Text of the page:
Earl Selkirk Gallery
Earl Selkirk Gallery
ANNE DEVITT & JOHN MCCARTNEY
Running from Sunday February 26th 2017 to Sunday April 2nd 2017
over under in
New work by Anne Devitt & John McCartney
Opening weekend March 4 & 5, 2017. Artists will be present during open hours
Reception and Artist Talk Saturday March 18 4-6pm
ARTiculations is pleased to present the work of Anne Devitt and John McCartney for the second time in the Earl Selkirk Gallery. This show is titled over under in. Frequent collaborators, Devitt and McCartney both work with paper but in very different ways. This exhibition features two new projects Horizon Lines (Devitt) and In (McCartney). Inspired by The Earl Selkirk Gallery and its unique exhibition space, the two installations examine relationships between materials, process and the maker/viewer experience.
Woven wood cut print on paper
Can a place hold us together?
Devitt’s new piece, Horizon Lines, is a large scale woven paper structure that is hand printed, cut and woven back together. The weft strands could be thought of as horizon lines that accumulate over time forming a landscape. The strands weave through each person connecting them to each other and to the place. It is for her a metaphor for our lives and the places in our memories.
Devitt’s process begins with woodcut prints depicting one or two figures surrounded by gouges or marks as individual as a fingerprint. She thinks of these gouges as marks left behind by events, experiences or memories. She then cuts these images up and weaves the pieces together to create random patterns that speak to the complexity and unpredictability of life. The work is about the desire to achieve a feeling of serenity and Devitt poses the question: Do people hold everything around them in place or is it their surroundings that hold them in place?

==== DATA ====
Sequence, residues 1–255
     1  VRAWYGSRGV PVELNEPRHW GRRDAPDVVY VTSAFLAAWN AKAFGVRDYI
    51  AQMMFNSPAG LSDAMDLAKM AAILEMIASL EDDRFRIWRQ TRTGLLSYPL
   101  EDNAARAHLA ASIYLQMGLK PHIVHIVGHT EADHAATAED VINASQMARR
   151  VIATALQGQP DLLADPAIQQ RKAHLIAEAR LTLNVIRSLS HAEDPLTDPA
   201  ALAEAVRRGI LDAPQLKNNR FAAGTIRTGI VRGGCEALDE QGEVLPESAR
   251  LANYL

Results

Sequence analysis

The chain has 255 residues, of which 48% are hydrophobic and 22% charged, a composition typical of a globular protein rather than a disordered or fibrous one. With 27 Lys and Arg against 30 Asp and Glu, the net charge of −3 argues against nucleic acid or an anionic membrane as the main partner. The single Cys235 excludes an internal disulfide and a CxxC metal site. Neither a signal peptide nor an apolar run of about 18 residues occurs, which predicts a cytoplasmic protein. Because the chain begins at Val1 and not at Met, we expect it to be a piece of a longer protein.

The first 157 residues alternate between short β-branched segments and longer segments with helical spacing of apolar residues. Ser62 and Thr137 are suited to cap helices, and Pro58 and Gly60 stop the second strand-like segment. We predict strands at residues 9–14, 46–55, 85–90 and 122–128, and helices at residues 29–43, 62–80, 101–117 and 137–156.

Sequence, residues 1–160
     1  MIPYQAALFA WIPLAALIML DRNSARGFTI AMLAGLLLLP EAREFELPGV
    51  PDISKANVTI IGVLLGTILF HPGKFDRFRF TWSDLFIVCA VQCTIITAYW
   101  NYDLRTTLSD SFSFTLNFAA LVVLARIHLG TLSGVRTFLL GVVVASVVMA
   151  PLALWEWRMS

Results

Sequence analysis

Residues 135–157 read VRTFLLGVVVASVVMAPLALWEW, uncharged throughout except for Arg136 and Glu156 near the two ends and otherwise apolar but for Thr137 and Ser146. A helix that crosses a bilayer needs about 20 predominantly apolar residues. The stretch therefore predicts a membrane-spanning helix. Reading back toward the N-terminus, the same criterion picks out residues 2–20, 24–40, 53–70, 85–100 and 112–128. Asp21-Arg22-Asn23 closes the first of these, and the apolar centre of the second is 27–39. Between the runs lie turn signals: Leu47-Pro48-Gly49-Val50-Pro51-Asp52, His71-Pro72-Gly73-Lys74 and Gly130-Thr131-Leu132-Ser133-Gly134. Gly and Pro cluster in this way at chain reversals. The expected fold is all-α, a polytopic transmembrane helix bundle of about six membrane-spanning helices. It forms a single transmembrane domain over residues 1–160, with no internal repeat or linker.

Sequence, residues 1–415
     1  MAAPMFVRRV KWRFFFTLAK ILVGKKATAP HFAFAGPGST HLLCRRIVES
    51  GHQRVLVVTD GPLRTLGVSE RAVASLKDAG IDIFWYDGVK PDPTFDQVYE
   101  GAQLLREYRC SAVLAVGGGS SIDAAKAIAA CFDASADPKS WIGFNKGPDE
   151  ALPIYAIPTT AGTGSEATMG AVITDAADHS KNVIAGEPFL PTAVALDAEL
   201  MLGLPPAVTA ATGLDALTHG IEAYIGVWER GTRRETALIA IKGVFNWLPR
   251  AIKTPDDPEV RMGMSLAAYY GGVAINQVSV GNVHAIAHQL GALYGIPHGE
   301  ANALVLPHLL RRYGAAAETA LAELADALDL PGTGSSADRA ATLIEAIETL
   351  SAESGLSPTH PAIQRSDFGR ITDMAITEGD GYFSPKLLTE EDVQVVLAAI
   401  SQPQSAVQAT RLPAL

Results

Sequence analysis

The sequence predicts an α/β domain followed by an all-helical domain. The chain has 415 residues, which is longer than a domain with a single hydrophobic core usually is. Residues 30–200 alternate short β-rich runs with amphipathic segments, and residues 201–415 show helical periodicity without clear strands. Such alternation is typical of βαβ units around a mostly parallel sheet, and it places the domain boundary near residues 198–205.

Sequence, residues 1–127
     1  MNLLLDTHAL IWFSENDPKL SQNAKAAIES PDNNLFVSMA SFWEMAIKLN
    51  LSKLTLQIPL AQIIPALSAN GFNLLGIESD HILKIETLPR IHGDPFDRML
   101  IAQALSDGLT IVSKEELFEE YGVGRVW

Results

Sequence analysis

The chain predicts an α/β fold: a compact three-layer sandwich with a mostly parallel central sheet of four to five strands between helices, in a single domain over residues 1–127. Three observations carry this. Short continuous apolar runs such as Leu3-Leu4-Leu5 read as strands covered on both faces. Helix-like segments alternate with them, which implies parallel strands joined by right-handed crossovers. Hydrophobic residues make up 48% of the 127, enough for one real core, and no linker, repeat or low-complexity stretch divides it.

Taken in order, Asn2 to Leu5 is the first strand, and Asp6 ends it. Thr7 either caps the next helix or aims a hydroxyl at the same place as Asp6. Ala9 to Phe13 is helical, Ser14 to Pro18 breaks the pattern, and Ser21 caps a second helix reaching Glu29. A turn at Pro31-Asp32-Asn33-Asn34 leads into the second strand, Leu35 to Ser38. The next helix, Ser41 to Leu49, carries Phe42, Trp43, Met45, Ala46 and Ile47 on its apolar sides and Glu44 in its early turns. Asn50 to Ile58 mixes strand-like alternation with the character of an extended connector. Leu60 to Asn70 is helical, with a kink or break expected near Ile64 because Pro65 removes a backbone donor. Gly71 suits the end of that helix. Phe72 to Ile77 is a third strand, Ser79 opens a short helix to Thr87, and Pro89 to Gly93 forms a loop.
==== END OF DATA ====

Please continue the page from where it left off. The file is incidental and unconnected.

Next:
Mixed Media Paper Installation
An immersive drawing experience
The interior gallery holds McCartney’s drawing installation titled In. It is comprised of 3 large scale drawings and that includes additional scraps and fragments of other drawings. As you step inside the gallery, the viewer is immediately enveloped by drawing on all sides. Only two or three people can occupy the space at any given time, which can be claustrophobic and dark. Drawing is a very individual activity often viewed as an artist’s thought process. There is a reflection between the shapes that are rendered in the 2d picture plane and the forms created by the 3d paper sculpture. The gallery installations allows the viewer to walk-in and journey through the frame (gallery) into the drawing (installation) changing the way the drawing is experienced.
McCartney has been producing large format drawings on paper since 2002 using many media such as ink, pastels, graphite, crayon, etc. He draws with no or very little preconception about what he wants to see. He likes the surprises he gets and feels that he often learns something by the resulting image and is technically challenged by being open to working in this way. He has felt the need to make some really large drawings that use many sheets of paper. The Earl Selkirk gallery’s small size is a perfect space to experiment with this concept.